“They’ll do the right thing if I have to drag them kicking and screaming all the way!” Ever said anything like this? I know I have and if you are like me, we are in good company with St. James whose feast day is today. James and John (in Matthew, it is their mother who approaches Jesus; in Mark, it is the brothers themselves) desire to be at the left and right hands of Jesus; the positions of power for those who know the King. They are looking to be in the positions of authority when Jesus comes into his kingdom. A clue to how they see using that authority, comes in St. Luke’s Gospel, when the Samaritans did not welcome Jesus, James and John ask Jesus if he wanted them to call “fire down from heaven to consume them.”
This phrase, “if I have to drag them kicking and screaming,” came up in an argument with someone I admire and respect recently. We were having a rather heated discussion about how to lead a team to “do the right thing.” Our goal was admirable. We were discussing a plan for how to become more open, to go out of our comfort zone to reach out to others.
But somehow, for all our good intentions, we got lost. I mean really lost. The Good Lord knows I have used this exact same phrase more than a few times in my years as a school or parish leader. But somehow hearing it in this context shocked me as surely as if I had touched a live electrical wire. Within 2 days, someone else made a very similar comment to me about bringing people along, even against their wishes. I get it, I have been so sure that I knew the right solution that I just had to get others to see it my way to make it all work out. Just follow my plan and all will be well.
The Samaritans reject Jesus, so James and John plan to rain fire from heaven to make them change their minds and accept Jesus.
Jesus rebuked them and today’s reading rebukes those of us who attempt to use power or authority to overpower others. Jesus shows us that true leadership is humble. The purpose of leadership is to serve. Leaders who follow Jesus must first strive to be servants. Leaders who follow Jesus are not to impose their will on others, but to create opportunities for others to encounter our living God and to find their purpose in serving His will.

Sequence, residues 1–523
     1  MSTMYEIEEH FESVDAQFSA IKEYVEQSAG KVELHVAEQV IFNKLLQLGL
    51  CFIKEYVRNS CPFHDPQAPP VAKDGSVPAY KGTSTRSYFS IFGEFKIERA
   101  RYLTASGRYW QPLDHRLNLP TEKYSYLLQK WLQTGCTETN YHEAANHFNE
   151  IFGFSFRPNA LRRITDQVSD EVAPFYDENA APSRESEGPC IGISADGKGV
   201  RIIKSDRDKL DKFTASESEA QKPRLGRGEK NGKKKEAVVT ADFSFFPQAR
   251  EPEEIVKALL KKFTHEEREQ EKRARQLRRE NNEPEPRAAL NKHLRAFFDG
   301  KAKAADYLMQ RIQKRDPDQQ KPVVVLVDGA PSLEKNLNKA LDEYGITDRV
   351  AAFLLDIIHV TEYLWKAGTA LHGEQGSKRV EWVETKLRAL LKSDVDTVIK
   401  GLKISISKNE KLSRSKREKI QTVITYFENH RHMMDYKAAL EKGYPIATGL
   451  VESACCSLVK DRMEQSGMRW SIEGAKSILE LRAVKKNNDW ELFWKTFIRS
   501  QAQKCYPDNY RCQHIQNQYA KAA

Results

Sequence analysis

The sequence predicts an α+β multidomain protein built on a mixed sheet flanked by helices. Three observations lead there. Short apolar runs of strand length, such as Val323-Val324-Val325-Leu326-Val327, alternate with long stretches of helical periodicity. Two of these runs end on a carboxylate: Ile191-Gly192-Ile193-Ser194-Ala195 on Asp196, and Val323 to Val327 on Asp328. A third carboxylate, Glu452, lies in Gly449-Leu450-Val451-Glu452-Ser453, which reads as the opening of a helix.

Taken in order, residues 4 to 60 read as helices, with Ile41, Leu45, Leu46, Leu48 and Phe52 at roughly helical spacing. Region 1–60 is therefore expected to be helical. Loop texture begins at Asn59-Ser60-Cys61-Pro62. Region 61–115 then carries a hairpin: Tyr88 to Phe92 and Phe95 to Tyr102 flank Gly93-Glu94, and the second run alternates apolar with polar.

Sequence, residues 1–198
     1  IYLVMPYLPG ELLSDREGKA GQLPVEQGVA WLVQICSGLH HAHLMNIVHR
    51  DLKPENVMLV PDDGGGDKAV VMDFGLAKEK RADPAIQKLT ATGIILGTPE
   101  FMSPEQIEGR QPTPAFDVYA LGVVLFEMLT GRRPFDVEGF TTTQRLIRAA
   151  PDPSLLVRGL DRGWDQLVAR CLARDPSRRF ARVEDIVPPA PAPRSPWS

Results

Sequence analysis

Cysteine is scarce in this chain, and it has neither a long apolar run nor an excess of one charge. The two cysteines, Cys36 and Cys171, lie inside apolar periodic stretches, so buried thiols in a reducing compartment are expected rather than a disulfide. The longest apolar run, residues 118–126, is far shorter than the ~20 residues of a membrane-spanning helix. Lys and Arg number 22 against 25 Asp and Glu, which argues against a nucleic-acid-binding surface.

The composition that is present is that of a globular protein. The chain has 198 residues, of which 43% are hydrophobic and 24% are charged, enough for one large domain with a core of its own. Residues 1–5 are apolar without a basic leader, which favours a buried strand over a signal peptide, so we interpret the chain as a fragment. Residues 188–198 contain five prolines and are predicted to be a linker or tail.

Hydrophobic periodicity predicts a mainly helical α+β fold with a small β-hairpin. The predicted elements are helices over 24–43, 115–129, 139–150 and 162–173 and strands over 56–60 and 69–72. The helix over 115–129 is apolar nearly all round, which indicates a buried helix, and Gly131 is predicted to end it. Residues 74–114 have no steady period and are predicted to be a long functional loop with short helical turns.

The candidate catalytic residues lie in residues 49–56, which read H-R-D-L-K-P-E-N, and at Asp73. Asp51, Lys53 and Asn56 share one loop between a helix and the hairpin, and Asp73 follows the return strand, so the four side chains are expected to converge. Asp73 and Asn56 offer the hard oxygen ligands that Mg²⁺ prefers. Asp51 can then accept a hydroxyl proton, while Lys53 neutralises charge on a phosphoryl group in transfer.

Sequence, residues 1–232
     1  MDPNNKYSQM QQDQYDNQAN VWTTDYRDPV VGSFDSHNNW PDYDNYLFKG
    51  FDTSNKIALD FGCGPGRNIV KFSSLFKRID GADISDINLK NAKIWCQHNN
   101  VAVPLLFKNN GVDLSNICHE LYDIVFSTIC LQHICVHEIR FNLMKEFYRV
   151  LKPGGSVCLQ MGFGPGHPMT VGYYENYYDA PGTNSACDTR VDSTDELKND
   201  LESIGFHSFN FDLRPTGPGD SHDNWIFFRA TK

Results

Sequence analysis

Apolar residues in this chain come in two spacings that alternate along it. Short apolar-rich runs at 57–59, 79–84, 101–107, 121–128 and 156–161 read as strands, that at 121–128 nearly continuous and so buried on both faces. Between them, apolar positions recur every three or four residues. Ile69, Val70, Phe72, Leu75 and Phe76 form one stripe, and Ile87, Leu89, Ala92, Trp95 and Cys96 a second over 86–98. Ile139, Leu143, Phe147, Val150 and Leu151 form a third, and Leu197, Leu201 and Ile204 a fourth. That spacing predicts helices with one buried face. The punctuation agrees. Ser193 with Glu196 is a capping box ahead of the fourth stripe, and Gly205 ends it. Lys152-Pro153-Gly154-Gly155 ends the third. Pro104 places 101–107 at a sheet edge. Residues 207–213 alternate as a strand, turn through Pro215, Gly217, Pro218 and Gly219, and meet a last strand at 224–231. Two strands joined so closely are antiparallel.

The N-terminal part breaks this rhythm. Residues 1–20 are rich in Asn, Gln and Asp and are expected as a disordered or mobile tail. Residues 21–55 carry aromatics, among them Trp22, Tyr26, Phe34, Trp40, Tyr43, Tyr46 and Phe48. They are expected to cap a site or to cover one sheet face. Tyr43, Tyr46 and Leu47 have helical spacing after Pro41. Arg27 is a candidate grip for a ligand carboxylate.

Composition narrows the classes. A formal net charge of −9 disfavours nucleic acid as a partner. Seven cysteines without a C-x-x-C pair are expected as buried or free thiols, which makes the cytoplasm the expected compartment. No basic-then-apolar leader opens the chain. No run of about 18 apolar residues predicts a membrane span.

We humans, leaders included, are earthen vessels. We are fragile, afflicted, perplexed and persecuted. And that is a good thing! It is precisely because of our fragile, afflicted, perplexed, and persecuted state that God can be glorified. “Indeed, everything is for you, so that the grace bestowed in abundance on more and more people may cause thanksgiving to overflow to the glory of God.”
Of all of today’s readings, it is the Gospel Acclamation that pierced my heart. “I chose you from the world, to go and bear fruit that will last, says the Lord.”
Whatever my plans are, it is God’s plan that will bear fruit that will last.
Even when we find ourselves in a leadership position, God’s plan is for us to be servants. In order to serve Him, we must serve one another. In order to serve Him, we must serve those who look to us for leadership, we must serve those who lead us and we must even serve those with whom we flat out disagree. This is certainly antithetical to how the world views leadership. James and John were looking for power in the kingdom they thought was to come. Jesus shows us that his kingdom is already here and he has chosen us to go forth into the kingdom and bear fruit through humility and charity.
Heavenly Father, Please send your Holy Spirit to inspire me to lead with humility, to remember in order for my plans to bear fruit, my plans must be your plans, and your plans always include serving first. Help me to do, not just the right thing, but to do your thing. Amen. Glory to God.
While wearing many hats, Sheryl O’Connor is the wife and study buddy of Thomas O’Connor. Not having received the gift of having their own children, their home is filled with 2 large dogs and their hearts with the teens and youth with whom they work in their parish collaborative. Sheryl is the Director of Strong Families Programs for Holy Family Healthcare which means her job is doing whatever needs to be done to help parents build strong Catholic families. Inspired by the works of mercy, Holy Family Healthcare is a primary healthcare practice in West Michigan which seeks to honor the dignity of every individual as we would Christ. Find out more at https://www.holyfamilyhealthcare.org/